Fund Focus: Investing in emerging millennial trends

This article first appeared in Personal Wealth, The Edge Malaysia Weekly, on December 2, 2019 - December 08, 2019.
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Millennials are said to be the wealthiest generation in history. The World Bank forecasts that the collective annual income of millennials will exceed US$4 trillion by 2030 while a UBS report estimates that this generation could be worth up to US$24 trillion by 2020. These factors have put a spotlight on the investable sectors and companies that target this age group.

Principal Asset Management Bhd chief investment officer Patrick Chang says there are a lot of industries with high exposure to millennials, the most prominent being the technology sector. “When we say technology, it is more consumer platform companies that millennials like and whose products and services they consume than chip companies.”

Tech is a prominent sector because most millennials have grown up with computers or mobile phones and this generation embraces technology, he points out. With the popularity of e-commerce and social media apps over the past 10 to 15 years, companies such as Amazon, Facebook and Tencent Holdings Ltd have risen to prominence.

Investing in companies working to solve climate change issues, for example, is an emerging trend that millennials can identify with, says Chang. Garment manufacturer H&M is such a company.

According to H&M, 70% of a garment’s climate impact arises during the manufacturing process itself. Making fibres, processing and dyeing materials and fabricating require a lot of energy that could have consequences on our environment, says Chang.

“So, H&M highlighted that it had made tough demands on its suppliers and that it will also help them switch from fossil-based to renewable energy sources such as wind and solar. It is currently implementing energy-efficiency programmes throughout its supply chain in cooperation with its business partners,” he adds.

One of the ways retail investors can tap this growing trend is through the CIMB-Principal Millennial Equity Fund, which was launched on May 31 last year. According to its prospectus, the fund seeks to achieve capital appreciation over the medium to long term by investing in the equities of global companies impacted by the lifestyle and spending activities of the millennial generation. Its investment universe includes listed securities and initial public offerings.

The fund’s benchmark is the Nasdaq Global Millennial Opportunity Index. It aims to provide exposure to companies in the Nasdaq Global Index that are considered to be driven by millennials.

Each stock in the Nasdaq Global Millennial Opportunity Index has a minimum market capitalisation of US$200 million and has to be qualitatively classified as having high or medium exposure to millennials. Principal then applies its investment process to consider which types of stocks in this universe are likely to outperform in the next 12 to 18 months, taking into consideration factors such as earnings momentum, valuations and quality of return on equity.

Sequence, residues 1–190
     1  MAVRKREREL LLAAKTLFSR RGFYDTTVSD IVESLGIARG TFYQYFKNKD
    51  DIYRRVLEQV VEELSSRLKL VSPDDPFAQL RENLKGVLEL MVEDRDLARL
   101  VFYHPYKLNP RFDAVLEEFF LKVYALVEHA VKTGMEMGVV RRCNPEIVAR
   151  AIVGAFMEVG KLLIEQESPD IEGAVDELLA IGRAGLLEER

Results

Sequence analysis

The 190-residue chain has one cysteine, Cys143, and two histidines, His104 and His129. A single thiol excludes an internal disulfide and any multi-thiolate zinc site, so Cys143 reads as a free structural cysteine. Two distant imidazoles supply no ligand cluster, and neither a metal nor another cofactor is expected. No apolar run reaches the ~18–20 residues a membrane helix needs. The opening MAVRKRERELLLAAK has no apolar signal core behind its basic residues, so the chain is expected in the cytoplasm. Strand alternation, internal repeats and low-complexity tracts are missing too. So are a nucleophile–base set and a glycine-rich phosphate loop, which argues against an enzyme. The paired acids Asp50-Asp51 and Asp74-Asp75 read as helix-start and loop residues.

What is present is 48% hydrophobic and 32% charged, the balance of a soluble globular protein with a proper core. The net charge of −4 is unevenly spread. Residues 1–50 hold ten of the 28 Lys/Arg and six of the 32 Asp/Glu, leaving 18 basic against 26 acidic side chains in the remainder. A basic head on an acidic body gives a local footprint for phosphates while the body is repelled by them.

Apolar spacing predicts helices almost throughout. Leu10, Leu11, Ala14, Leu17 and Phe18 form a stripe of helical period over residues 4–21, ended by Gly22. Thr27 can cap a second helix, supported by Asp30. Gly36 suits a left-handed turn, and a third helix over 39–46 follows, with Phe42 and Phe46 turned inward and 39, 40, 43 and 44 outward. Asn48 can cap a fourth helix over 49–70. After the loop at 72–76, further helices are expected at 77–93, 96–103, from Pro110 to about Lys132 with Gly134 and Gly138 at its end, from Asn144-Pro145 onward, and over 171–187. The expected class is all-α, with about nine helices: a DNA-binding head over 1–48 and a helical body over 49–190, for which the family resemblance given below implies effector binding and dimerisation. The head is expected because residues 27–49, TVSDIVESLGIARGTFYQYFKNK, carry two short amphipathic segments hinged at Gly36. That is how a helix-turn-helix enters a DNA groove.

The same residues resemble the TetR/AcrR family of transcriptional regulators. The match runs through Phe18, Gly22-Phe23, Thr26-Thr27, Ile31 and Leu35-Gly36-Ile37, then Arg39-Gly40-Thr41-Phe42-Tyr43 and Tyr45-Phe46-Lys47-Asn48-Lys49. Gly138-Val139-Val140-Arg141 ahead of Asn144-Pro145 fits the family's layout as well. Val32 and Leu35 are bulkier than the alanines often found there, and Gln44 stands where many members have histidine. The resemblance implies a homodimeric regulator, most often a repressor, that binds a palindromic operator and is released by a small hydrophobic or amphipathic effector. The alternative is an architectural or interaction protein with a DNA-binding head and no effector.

Chang points out that the CIMB-Principal Millennial Equity Fund is not a feeder fund. Principal has appointed its affiliate Principal Global Equities to sub-manage the fund. Its affiliate has full responsibility in constructing the millennials portfolio and trading the stocks in the fund.

According to the prospectus, market segments with the greatest exposure to millennials include consumer goods, e-commerce, social media, digital media and technology. “The whole idea here is that not only do baby boomers and Generation X get to participate in the fund but also millennials who understand these emerging global trends,” says Chang.

The fund uses factor-based investing rather than the usual active management strategies, he adds. “We use a factor model based on quality, momentum and value to filter the companies. It is more quantitative in nature.

“By using the model, we are able to pick the best companies and then factor these. If the factor model churns out a company such as Adidas, we will invest in it. And if it selects Facebook, we will invest in Facebook. There is a science behind the model.”

Chang foresees a lot of growth in high-tech companies. However, it is very important to separate those with quality growth from those with speculative growth, he says. “What we want to avoid is the WeWorks of this world. That is speculative growth. There are a number of tech companies out there funded by venture capitalists that do not have much cash flow.”

According to the fund fact sheet dated Oct 31, the top three holdings of the CIMB-Principal Millennial Equity Fund are Adidas, H&M and Home Depot. This is a rather apt representation of the factor-based model because Adidas, for example, has been around for a long time and will continue to exist, says Chang.

“Will Adidas suddenly disappear? I don’t think so. I have used the brand all my life and the company will probably continue to exist on the back of its ability to capture millennials’ spending on sport apparel as well as its ability to generate a consistent and sustainable return on equity for its shareholders.

“A lot of the companies in the fund are long-term, quality growth ones. Despite what people say, whether it is a global recession or a slowdown in the US or China economy, we think that these trends are structural in nature. They will continue and investors need to be able to understand the long-term nature of these companies that will continue to exist over the next 20 to 30 years.”

The CIMB-Principal Millennial Equity Fund is divided into the MYR class and USD class. The fund size is about RM146 million across both classes, says Chang.

Considering that the fund has been around for slightly more than a year, the size is decent, he adds. The initial minimum investment amount is RM1,000 or US$1,000, depending on the investment class.

 

Mitigating volatile market conditions